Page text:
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The Oppermanns

by Lion Feuchtwanger
Persephone book no:

135 136 137

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ISBN 9781910263266

Persephone Book No. 136 is a 1933 novel written to alert the world to the dangers of fascism. The Oppermanns describes an affluent Jewish family, and in particular three brothers, who run a successful chain of furniture shops, for eight months from the autumn of 1932 until June 1933. The reader watches in horror as a law-abiding, kindly, civilised Jewish family, a close-knit group of siblings, is gradually dispossessed of all their certainties, of everything they had owned, of their life, of their happiness – just because they were Jewish. We watch as Jews are beaten in the street and thrown into concentration camps (yes, they existed in early 1933). And yet the world did nothing. Eventually one of the brothers, who had fled to France, decides to resist, and the bittersweet ending is faintly optimistic because, as Richard Evans writes: ’Feuchtwanger could not know in 1933 that the resistance would crumble under the weight of Nazi terror, nor did he even suspect that the Nazis’ violence against the Jews would end in the deliberate murder of six million people in the Holocaust. No civilised person could imagine that genocide on this scale could take place in Europe in the twentieth century.’

In one sense The Oppermanns was written as purest propaganda, in another it is ‘very far from being a work of propaganda’ (writes Professor Richard Evans in his Foreword) but ‘achieves its effect not least because it uses the various members of the family, their friends, and the people with whom they come into contact, to paint a realistic and convincing portrait of the variety of Germans’ reactions to the rise and eventual triumph of the Nazis... Lion Feuchtwanger’s human sympathies enabled him to understand, and to make the reader understand, the motives even of the most despicable characters. He grasped, for example, the resentments that drove small craftsmen in Germany into the Nazi movement.’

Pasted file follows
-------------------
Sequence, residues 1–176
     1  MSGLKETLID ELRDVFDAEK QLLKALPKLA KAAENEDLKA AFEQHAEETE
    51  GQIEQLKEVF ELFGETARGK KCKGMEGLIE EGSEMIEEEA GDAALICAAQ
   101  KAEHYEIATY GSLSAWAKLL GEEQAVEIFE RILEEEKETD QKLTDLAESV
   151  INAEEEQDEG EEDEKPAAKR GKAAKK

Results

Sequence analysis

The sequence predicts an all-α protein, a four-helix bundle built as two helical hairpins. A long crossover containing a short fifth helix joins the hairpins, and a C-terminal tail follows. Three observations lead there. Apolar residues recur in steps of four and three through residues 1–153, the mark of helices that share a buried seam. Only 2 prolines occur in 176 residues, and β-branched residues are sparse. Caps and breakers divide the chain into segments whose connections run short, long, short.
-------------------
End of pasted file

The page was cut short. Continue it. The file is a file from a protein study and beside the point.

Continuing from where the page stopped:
The idea for the novel was initially that of the British prime minster Ramsay MacDonald. He knew Lion Feuchtwanger (who was already one of Germany’s best-known writers) and wrote to him in April 1933: Lion was by now in exile in France, his books having been burnt by the Nazis. MacDonald suggested a film alerting the world to the Nazi threat and, in May, Lion and the young screen- writer Sidney Gilliat completed a script. Then the film was cancelled; Lion, however, decided to turn the script into a novel.

People often ask us how we find our books and the answer this time is: the journalist Nilanjana S Roy mentioned ‘a lost classic’ in the Financial Times. She said: ‘Few novels strike such a stark note of warning, or capture with such accuracy the perilous years of the rise of a dictatorship.’ We had never heard of The Oppermanns then, but in 2020 were very pleased to re-print it in English for the first time since the 1930s.

Richard Evans concludes: ‘Ultimately Feuchtwanger’s work transcends any political sympathies. It is all too relevant in the twenty-first century as a warning against complacency in the face of lies and abuse, and a call for vigilance in the defence of democracy against those who would destroy it. It is the first great masterpiece of anti-fascist literature, and deserves to be as widely read today as it was on its original publication.’


The endpapers reproduce a rug purchased in Germany in 1933 and brought to England in 1936 by a German refugee, in a private collection.

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Categories: Abroad Gender and Race History Men (books by) Politics WWII

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